Recently, a friend told me about his relatives who chose to remain behind in Aleppo, Syria. It was the only way of life they knew and they could not imagine abandoning everything, thus signaling that they had given in to the rebels. When the matriarch died, she was buried in a rebel-controlled cemetery and had to be transported early in the morning, accompanied by only one son. Such is the courage and the struggle to survive.
The recipes in both books are simple. It will interest Nonyas to know that Aleppian Jewish cooking uses tamarind juice - a fundamental ingredient for many of their dishes. Along with cilantro, semolina and even coconut, suddenly the world seems small enough.
And while we're zeroing in on the Middle East, there are two other books not to be missed. "Food of Life: Ancient Persian and Modern Iranian Cooking and Ceremonies" (Najieh Batmanglij) is a comprehensive study of a rich culture. The book is one of those epic documents, complete with ancient paintings, history, customs and folklore. The recipes span almost the entire culinary repertoire. Additionally, there is a useful section on 'How to make and store kitchen ingredients' which includes how to make Persian noodles, caramelize raw nuts, remove bitterness from orange peel amidst other tips. I have collected a few other Persian cookbooks but this is by far, the most impressive one yet.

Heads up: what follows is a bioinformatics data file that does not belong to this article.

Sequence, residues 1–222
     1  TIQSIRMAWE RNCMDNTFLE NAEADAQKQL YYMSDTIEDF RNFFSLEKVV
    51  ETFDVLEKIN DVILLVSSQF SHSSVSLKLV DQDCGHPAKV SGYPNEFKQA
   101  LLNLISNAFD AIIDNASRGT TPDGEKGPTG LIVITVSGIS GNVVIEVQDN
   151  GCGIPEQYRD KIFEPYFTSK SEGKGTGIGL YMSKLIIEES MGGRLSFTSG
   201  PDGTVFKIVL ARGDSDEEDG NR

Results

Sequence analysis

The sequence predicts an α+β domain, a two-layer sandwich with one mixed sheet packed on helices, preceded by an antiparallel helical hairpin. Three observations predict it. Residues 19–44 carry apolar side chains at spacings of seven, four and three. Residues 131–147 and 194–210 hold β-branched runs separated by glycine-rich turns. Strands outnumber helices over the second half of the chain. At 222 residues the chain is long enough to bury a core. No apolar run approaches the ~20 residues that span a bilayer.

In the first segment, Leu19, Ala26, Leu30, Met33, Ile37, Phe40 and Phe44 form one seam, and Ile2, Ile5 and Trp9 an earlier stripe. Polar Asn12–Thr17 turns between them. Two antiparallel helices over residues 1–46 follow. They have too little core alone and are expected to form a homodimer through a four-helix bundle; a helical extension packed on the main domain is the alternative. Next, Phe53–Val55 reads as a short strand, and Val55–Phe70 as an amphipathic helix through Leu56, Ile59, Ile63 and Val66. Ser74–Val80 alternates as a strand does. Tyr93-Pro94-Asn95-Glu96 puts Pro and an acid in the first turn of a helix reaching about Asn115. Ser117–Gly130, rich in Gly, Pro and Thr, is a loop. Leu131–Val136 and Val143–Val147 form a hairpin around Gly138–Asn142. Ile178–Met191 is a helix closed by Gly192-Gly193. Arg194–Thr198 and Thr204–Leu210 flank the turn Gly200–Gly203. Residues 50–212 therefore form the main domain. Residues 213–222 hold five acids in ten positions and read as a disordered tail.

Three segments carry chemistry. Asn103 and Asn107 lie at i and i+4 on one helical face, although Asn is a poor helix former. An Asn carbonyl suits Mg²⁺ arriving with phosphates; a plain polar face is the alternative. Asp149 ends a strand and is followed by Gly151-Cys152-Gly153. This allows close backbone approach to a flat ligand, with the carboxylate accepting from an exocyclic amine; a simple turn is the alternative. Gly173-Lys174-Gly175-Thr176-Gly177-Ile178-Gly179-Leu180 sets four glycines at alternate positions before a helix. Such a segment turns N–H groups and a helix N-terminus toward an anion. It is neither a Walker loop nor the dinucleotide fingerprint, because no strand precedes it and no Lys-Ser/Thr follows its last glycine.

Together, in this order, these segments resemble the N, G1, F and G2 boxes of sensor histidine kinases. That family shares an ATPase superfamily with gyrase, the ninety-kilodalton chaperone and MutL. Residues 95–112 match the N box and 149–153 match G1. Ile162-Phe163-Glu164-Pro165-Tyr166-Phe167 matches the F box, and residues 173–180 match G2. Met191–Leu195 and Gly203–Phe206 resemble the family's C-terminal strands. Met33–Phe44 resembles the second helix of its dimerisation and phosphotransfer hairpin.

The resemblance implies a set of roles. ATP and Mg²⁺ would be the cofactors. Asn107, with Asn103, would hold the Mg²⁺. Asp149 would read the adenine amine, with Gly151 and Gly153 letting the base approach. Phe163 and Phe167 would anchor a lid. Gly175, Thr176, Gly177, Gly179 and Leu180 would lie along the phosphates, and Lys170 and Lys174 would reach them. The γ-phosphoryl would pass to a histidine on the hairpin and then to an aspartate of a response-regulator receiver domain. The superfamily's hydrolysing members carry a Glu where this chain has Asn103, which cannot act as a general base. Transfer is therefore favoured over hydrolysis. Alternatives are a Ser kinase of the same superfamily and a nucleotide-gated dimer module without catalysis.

In case, anyone feels like Middle Eastern food is too traditional, there is the "Modern Flavors of Arabia" (Suzanne Husseini) which would appeal to the modern Arab woman. Some of the most stylish and sophisticated women I've met are Arab and they remind me of who the book would connect with. Husseini hosts a successful cooking show in the Middle East. Gladly, her existence comes to show the rest of the world that the Middle East should not be portrayed as simply a war- torn region stagnating in ancient history but one of a progressive society striving to move with the times.